Family-owned businesses urged to sell before the party ends
Families who own businesses are getting this piece of New Year’s advice: Sell.
Not only is it a great time to put a private company up for sale while the economy is strong and many deep-pocketed buyers are circling, wealth advisors are also reminding clients of looming political uncertainty toward the end of 2020.
If President Donald Trump loses the election, Democrats running to replace him have promised to boost taxes on the rich. While the wealth tax proposed by senators Elizabeth Warren and Bernie Sanders gets the most attention, other top candidates have ideas for squeezing the 1%. Former Vice President Joe Biden, for example, said he wants to almost double the rate on long-term capital gains to 39.6% for taxpayers earning more than $1 million a year.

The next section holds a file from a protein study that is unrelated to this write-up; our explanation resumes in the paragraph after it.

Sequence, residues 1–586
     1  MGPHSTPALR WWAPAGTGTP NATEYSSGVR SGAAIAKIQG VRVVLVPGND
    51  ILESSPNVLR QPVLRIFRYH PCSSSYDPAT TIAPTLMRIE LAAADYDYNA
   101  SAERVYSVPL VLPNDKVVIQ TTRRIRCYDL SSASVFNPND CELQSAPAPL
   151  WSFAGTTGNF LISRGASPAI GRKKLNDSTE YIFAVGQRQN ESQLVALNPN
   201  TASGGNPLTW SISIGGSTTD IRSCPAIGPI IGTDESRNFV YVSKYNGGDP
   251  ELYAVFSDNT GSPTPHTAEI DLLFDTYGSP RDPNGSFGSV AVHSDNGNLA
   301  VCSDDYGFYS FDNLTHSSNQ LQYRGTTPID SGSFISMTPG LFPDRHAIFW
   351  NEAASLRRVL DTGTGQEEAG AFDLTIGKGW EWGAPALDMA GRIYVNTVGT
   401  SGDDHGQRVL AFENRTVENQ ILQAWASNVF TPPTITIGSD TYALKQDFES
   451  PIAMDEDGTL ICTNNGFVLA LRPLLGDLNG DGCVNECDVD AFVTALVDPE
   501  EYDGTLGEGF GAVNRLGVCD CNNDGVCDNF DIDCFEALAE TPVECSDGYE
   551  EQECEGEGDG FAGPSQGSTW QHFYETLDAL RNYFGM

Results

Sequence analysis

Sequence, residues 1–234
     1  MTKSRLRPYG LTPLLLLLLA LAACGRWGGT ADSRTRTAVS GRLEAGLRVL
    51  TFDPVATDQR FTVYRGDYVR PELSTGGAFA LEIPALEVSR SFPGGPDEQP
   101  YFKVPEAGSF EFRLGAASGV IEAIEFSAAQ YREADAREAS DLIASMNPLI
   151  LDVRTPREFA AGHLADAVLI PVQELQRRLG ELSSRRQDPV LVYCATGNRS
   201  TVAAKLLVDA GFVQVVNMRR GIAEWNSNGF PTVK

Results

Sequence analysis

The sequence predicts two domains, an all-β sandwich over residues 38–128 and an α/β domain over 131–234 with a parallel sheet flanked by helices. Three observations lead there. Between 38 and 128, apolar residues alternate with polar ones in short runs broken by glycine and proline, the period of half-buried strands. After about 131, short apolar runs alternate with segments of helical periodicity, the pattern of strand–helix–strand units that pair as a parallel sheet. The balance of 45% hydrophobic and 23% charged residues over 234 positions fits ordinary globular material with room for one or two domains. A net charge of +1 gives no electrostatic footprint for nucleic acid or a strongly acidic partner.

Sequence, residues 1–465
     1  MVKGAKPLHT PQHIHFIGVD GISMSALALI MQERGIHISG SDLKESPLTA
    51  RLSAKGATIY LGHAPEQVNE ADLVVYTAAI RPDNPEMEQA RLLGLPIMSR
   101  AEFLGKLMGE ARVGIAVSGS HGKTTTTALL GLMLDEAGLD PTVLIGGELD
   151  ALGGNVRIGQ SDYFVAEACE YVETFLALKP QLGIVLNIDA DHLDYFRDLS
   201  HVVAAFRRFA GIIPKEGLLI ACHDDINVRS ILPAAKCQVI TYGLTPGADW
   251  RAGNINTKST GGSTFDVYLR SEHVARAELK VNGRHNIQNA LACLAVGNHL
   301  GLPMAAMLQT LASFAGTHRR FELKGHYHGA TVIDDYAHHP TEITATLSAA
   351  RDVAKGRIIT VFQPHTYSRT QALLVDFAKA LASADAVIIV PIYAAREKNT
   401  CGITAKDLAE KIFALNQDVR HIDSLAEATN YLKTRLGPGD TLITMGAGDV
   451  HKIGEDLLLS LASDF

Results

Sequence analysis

“The Democratic zeitgeist now seems to be higher taxes,” says Brad Dillon, senior wealth strategist at UBS. “If you were thinking about selling your business in the next two years, it’s definitely something to think about.”
For the owner of a multimillion-dollar company, selling by the end of 2020 could result in a much smaller tax bill than striking a deal in 2021 under new rules. Of course, a new president would need Congress to go along with a tax hike, and that’s hardly a certainty even if Trump is defeated.
Nonetheless, the political risks also coincide with excellent conditions for selling.
“This is as good as it gets,” says Marshall Rowe, president for business-owner services at Colony Group, where he advises owners of companies worth about $50 million to $350 million.
U.S. stocks have continued to rise, with the S&P 500 advancing 1.8% this month after surging 29% last year.